In Coimbatore, plastic and leather wastes stockpiled waiting to be burned as "fuel" at the Madukkarai cement works spontaneously combusted in a three hour fire that did not result in any known injuries at the plant.
However, thick columns of black smoke poured into the sky and that stuff, as the late Dr. Commoner would note, has to go somewhere. A lot of it will no doubt dind its way into the lungs of downwind residents. More than 200 tons of waste was gutted in the fire out of at total twice as large.
Despite local fire officials urging the cement plant to enclose the waste for some time, it had not done so. That is an apparent violation of state law. And readers, will it surprise you in the least to learn that the plant was already a longtime source of complaints from local residents?
Meanwhile the Fire and Rescue Services Department officials pointed out that storing combustible waste materials outside the plant without adequate protection was in violation of the Tamil Nadu fire service rule of 1990.
"It is a violation of section 250 of Tamil Nadu Fire Service Rules 1990 and we will issue a notice to the factory and will give them 15 days to store the waste materials inside a roofed structure with protective walls," said Subramanian.
Residents have been protesting against the cement factory for a long time and have submitted numerous petitions to the district administration. They claimed that the dust and smoke from the factory was causing major health complications, especially for senior citizens and children.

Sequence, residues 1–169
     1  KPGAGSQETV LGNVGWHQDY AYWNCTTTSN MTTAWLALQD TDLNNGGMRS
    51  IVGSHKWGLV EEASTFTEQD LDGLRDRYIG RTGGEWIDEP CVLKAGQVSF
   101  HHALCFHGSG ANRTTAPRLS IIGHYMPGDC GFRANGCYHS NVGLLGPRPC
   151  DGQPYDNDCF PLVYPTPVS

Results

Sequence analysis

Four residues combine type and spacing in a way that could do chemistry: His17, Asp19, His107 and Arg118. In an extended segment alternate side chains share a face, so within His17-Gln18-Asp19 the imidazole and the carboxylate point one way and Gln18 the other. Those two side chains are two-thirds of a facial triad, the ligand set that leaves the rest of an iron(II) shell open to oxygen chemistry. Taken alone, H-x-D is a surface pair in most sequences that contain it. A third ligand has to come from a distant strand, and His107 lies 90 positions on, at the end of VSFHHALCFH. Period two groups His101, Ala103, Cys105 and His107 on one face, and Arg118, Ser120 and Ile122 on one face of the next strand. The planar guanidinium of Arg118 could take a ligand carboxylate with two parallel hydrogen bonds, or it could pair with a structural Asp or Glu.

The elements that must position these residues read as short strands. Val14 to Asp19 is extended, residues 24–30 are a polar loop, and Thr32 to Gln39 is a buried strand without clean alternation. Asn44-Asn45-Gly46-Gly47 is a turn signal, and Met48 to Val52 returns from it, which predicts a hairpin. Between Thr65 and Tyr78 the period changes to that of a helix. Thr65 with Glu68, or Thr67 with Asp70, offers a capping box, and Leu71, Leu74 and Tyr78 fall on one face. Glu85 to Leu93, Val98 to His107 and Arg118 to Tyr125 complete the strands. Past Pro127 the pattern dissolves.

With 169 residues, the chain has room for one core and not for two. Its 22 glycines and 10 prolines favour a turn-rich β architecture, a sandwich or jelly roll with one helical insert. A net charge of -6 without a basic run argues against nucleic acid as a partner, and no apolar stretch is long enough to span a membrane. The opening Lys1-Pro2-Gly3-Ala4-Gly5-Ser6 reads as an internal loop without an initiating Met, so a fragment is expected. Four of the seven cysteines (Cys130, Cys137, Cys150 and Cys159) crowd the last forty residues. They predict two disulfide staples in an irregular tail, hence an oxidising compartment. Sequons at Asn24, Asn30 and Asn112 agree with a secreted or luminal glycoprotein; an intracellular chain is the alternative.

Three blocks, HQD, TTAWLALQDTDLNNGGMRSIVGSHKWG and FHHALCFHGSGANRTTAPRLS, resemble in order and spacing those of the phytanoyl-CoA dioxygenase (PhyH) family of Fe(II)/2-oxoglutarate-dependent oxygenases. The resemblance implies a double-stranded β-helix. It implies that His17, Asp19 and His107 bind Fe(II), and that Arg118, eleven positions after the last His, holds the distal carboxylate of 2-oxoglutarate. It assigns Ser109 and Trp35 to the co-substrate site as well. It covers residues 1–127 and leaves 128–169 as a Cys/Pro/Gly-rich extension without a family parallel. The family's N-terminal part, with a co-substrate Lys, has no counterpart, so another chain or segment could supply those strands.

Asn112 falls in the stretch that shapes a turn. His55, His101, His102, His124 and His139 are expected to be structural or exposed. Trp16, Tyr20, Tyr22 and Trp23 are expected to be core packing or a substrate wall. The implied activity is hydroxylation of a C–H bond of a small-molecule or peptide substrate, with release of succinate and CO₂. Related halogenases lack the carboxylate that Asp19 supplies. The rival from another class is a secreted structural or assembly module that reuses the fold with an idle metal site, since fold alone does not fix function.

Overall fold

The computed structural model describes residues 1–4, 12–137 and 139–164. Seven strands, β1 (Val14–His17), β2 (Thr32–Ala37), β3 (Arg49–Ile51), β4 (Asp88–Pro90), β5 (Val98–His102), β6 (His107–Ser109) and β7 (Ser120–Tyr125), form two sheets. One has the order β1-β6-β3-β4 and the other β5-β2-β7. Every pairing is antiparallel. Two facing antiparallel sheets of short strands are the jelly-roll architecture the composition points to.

"We have raised the issue on numerous occasions and also submitted petitions to the district administration but till now no action has been taken," said C Palaniswamy, a resident of Kurumbapalayam.
There is a premeditated and orchestrated campaign by the cement industry to allow kilns to become garbage burners of all kinds of wastes. We've seen it manifest itself locally in Midlothian with the TXI permit that allows that plant to burn car parts and plastic wastes.
The more kilns that become gargabe burners, the more garbage of dubious content will pile up at kilns, the more often that garbage causes a fire. We've reported on three just since the summer alone. Being downind of an uncontrolled garbage fire isn't one of the talking points the industry boasts about when it's trying to sell kilns as the industrial equivalent of Kitchen disposals, but it's looking more like a standard feature rather than an option.